What was your favorite video game as a kid?

Here we go again with the favorites. How much of a kid, and how old of a game? I played the hell out of Raiders of the Lost Ark (Atari 2600, 1982) and loved it, but it was also one of only four or five games I owned at the time. Around the same time a neighbor had an Intellivision and I'd make any excuse to go over and play Advanced Dungeons & Dragons: Cloudy Mountain. I still remember the weird, musty smell of his basement where the TV and game console were. I'd have to put The Legend of Zelda (NES, 1986) in there too, as that was the first video game I bought with my own money and it was, at the time, probably the best choice I could have made out of what was available.

What are five of your favorite video games?

I've said it before, I'll say it again: I hate playing favorites. I consider these to be singular gaming experiences, even though they might add up to more than five games in some instances:

The problem with any given "favorite" is that the admiration of the thing is temporal. It depends almost wholly on the time and temperance of when it was or is being played. The above is as definitive of a list as you're gonna get for the time I'm writing this. I'll probably look back at this in a few decades and see a completely different set of games.

Which video game franchise has never captured your interest?

I think that by now it's important to point out that all of these answers come from the vault of experience that is "video games I have played or am at least peripherally aware of". There are probably hundreds, if not thousands, of franchises I've never even heard of, and of those any number could be world-beaters or absolute garbage. Having said that, I'd think a better wording to this question would be "which popular video game franchise has never captured your interest", because then at least that would imply a common knowledge base from which to work.

All that aside, I can say that I've never been a huge fan of Sonic the Hedgehog. I've owned a few of the titles in the past, in particular the Dreamcast version of Sonic Adventure, which was at least innovative with the virtual pet mini-game that ran on the Dreamcast's Visual Memory Unit. But even then I never invested much time in playing, and I've certainly never completed any of the entries in the franchise.

Who is your favorite non-player character?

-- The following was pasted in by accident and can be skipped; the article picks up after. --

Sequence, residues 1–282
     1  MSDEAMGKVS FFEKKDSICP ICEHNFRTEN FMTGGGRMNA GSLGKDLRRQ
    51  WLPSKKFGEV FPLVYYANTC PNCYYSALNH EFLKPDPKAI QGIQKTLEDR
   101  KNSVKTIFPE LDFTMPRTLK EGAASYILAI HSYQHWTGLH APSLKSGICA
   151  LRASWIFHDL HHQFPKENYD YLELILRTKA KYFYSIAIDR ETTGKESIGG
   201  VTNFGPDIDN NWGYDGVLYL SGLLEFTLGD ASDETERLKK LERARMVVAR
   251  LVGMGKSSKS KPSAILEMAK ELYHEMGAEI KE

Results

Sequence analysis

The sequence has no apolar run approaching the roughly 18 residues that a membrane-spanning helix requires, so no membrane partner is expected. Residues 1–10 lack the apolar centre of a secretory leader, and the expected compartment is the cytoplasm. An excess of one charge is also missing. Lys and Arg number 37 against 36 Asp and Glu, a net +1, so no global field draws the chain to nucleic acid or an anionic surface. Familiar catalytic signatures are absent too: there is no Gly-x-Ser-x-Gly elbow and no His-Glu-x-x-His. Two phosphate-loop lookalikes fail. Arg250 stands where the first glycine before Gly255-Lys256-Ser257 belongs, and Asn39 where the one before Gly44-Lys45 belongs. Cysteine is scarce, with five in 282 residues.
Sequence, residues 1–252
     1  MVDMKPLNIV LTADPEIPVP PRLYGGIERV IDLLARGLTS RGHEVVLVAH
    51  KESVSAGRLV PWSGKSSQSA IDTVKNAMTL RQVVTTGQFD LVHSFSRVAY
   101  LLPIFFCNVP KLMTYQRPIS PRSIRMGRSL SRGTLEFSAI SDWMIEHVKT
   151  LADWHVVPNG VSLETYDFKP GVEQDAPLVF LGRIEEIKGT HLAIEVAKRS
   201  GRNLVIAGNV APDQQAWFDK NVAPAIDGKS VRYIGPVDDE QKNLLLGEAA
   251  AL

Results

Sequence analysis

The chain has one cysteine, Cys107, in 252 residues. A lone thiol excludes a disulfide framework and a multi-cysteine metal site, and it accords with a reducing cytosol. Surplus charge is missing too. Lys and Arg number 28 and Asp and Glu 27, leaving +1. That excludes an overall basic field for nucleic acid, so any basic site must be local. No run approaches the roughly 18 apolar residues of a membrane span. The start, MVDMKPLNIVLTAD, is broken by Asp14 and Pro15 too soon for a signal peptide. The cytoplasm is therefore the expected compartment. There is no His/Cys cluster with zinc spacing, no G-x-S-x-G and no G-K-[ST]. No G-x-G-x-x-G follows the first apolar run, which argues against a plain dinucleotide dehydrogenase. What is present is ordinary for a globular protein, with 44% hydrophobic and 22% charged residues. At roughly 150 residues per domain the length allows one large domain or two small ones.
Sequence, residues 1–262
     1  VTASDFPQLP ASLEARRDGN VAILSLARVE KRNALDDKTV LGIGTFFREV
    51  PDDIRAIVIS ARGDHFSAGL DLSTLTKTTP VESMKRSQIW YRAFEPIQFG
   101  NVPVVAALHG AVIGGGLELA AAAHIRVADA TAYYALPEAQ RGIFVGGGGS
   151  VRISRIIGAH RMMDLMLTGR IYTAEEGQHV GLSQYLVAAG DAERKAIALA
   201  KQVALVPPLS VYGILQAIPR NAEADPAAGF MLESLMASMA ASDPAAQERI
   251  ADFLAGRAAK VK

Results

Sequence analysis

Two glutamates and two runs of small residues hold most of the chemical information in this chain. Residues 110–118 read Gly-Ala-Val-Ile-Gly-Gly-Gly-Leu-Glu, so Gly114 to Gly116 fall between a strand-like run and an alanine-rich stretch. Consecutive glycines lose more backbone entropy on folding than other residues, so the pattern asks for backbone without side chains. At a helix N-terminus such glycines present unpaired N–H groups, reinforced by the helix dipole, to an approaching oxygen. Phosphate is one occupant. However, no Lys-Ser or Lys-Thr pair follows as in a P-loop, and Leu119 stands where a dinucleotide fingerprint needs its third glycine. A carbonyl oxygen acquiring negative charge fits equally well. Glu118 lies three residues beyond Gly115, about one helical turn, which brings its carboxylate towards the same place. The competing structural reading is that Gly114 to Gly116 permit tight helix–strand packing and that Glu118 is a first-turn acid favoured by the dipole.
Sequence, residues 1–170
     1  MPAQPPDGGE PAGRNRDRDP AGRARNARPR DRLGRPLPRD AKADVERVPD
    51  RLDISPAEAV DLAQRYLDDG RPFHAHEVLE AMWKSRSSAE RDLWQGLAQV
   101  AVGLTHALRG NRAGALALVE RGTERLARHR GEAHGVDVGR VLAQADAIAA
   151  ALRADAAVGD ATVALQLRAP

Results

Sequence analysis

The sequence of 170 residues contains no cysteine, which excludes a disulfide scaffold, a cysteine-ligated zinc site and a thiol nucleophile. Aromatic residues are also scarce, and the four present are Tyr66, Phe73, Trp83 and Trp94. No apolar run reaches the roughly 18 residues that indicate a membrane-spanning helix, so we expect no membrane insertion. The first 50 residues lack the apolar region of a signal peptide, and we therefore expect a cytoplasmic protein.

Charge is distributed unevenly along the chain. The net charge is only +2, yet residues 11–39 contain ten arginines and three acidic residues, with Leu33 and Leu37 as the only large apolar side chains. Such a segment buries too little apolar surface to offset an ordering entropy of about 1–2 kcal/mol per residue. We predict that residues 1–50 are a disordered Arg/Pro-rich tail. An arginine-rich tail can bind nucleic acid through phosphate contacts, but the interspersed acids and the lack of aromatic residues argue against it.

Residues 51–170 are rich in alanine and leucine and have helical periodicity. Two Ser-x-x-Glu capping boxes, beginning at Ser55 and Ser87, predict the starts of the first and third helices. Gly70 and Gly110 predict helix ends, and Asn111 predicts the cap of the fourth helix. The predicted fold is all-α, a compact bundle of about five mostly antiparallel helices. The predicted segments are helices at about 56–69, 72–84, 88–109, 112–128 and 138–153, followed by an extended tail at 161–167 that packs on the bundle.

I guess this precludes villains, as per one of the previous questions? If so, I'd have to go with the various iterations of Dr. Hal Emmerich, a.k.a. Otacon from Metal Gear. He really represented to me the character of the player: a pants-pissing nerd. If you play the Metal Gear Solid franchise and pay attention, he not only plays a pivotal role in the series, but he also undergoes some of most nuanced and intense character development of any written NPC I've ever come across. Of course, that's mostly due to how deep Kojima has gone with the narrative presentation in his games, but he reaps what he sows.

Which video game do you never get tired of playing?

The clear winner here is Grand Theft Auto Online. Over the past eight years I've come back time and time again and lost myself in the experience of running my own criminal enterprise. The longevity of this title is astounding to me. I don't know what exactly it is about the game. Like, why not Minecraft? Why not Dwarf Fortress, or Binding of Isaac, or any other game purpose-built to be endlessly replayable? It's hard to say. I think that GTAO provides the closest analog to living a second, digital life. Even if it is a life full of rocket-launching flying motorcycles.

What video game should everyone play at least once?

I'd like to answer with three titles here:

I'd love to be able to include other games like Wasteland (1988), or Police Quest (1987)—hell, any of the Sierra games from that era, or even the TSR "Gold Box" games... but they're all too fucking old now. You had to be there. Even the listed games are kind of pushing it.

What's your favorite video game genre?

Action Adventure, no question... though they must also include a very strong narrative element, and preferably one that's player-driven rather than linear. I enjoy platformers, but I wouldn't call any of them my favorite.

What video game should you really have played by now?

I can only think of EarthBound (1994) and Undertale (2015) as games that I've never started, but I've been told are must-plays.

Thank Gaben the question wasn't "what video game should you really have finished by now" because that list would be insanely long.

What's your favorite indie video game?

Again with the "favorites". Super Meat Boy (2010), Minecraft (2011), Bastion (2011), and Insanely Twisted Shadow Planet (2011) all stand out as really polished world-beaters that directly inspired my own work as an indie game developer. Nowadays the term "indie" is so nebulous and misused, along with most other game development terminology, that it's practically meaningless.

What video game has truly scared you?

Dead Space (2008). No question. Interestingly enough, no other game has genuinely instilled a sense of terror and dread in me in the same way. Too many supposed "horror" games now rely heavily on jump scares and really tired tropes that anyone over the age of twelve would sooner yawn at than be scared by.